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thermostat


jbrenton's Avatar
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10-05-03, 12:58 PM   #1  
jbrenton
thermostat

I have a 1988 toyota camry se the heater blew hot air until this morning now just cold no matter what the setting is. I am thinking it is a seized thermostat any suggestions and does anyone know exactly where the thermostat is on a 2.5 l v6 1988 camry Im thinking its in the block but I havent even had the chance to look I know not all cars have there thermostats in the engine block.

 
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Joe_F's Avatar
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10-05-03, 03:57 PM   #2  
Joe_F
Change the antifreeze and thermostat and tell us what you find.

 
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10-08-03, 03:27 PM   #3  
matm347
Most heater circuits work behind the thermostat, what condition is the coolant in?

If the thermostat is no longer working, the motor would overheat rather quickly.

 
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10-08-03, 10:40 PM   #4  
mike from nj
unless it was stuck open, some thermostats are designed to fail 'open', then you'd have no heat and the car would run cool all the time.


yes, low coolant would cause no heat too

 
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10-09-03, 08:23 AM   #5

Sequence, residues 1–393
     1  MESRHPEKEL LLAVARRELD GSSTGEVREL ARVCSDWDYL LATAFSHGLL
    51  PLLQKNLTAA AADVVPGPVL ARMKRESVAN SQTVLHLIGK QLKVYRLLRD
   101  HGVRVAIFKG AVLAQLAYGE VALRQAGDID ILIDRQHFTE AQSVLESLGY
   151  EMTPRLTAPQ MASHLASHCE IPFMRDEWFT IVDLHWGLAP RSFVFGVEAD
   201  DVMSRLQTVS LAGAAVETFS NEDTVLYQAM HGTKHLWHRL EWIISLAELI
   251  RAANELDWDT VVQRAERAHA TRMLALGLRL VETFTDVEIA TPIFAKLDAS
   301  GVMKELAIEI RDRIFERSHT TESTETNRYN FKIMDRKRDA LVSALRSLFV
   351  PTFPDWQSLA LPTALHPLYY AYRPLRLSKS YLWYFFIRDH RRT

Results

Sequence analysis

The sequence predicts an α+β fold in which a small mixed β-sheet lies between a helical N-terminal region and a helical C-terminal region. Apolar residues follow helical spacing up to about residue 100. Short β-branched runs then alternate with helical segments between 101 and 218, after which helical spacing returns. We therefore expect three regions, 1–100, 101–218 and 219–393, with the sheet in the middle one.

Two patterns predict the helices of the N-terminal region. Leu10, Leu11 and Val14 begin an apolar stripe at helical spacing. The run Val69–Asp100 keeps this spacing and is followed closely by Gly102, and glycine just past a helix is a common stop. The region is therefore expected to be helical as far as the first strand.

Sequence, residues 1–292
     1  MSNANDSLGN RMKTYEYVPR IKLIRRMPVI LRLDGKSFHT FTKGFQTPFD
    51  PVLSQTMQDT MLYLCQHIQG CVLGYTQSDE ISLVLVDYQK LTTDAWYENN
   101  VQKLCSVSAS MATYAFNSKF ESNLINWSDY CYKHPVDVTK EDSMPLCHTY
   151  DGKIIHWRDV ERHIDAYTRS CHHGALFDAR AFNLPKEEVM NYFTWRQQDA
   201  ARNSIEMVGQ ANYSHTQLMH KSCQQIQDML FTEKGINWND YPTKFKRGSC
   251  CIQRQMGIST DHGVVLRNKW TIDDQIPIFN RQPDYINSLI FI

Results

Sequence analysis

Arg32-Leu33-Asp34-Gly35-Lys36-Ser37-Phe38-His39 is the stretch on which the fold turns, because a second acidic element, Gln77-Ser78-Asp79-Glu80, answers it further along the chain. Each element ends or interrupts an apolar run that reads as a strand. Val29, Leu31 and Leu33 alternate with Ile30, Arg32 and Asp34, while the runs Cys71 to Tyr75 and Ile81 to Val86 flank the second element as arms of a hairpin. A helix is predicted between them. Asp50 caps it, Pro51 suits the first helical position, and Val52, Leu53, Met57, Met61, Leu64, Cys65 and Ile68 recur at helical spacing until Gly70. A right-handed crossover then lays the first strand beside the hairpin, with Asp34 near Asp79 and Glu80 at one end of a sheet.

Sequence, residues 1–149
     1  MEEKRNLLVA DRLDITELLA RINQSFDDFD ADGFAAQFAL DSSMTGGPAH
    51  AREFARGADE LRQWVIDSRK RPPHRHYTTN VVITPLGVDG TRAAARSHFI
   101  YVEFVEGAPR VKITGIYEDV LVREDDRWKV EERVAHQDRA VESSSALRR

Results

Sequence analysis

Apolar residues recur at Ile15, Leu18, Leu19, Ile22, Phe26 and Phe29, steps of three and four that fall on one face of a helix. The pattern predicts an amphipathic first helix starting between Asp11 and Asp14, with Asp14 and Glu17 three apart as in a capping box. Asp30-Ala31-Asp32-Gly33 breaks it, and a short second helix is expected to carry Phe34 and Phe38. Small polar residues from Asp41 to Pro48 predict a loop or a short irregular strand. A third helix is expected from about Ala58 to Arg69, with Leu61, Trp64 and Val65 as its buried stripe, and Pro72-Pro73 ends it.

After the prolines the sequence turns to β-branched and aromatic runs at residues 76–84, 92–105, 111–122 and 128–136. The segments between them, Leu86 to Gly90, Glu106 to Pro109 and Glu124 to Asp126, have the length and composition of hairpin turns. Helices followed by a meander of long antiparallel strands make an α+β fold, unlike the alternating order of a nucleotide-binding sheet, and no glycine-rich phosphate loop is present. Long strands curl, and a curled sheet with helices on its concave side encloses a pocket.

matm347
If it was stuck open, it would heat up eventually, and quite possibly overheat in stop-n-go conditions.

 
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10-09-03, 08:31 AM   #6  
If it's stuck open the gage will barely move off the "C". It's not going to overheat not mater what if it's stuck open.

Larry

 
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10-09-03, 08:32 AM   #7  
Do you have the push button heater with the "auto" position on it?

Larry

 
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10-09-03, 08:49 AM   #8  
Here's a question I've had for quite some time now. Remember the old fashioned 'winter' 'summer' thermostats?

Since a radiator only disspates about 12 degrees of heat (measured from radiator inlet to outlet), what was the point of building 160 degree thermostats?

The engine is still going to heat up to 200 or more. The only thing that happens with a 160, is that it opens 3 minutes earlier than a 190, but after it opens, as with all engines, it stays open till you shut the engine off and it cools down (winter and summer).

I know this 160 stat only applys to the much older cars, but I still don't get it. What was the benefit of a 3 min delay to reach operating temperatures?

Perhaps it was simply that back in those days, 160 was all that you needed to warm up the engine, ya know, before computers and highly engineered emissions.

 
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10-09-03, 09:22 AM   #9  
Joe_F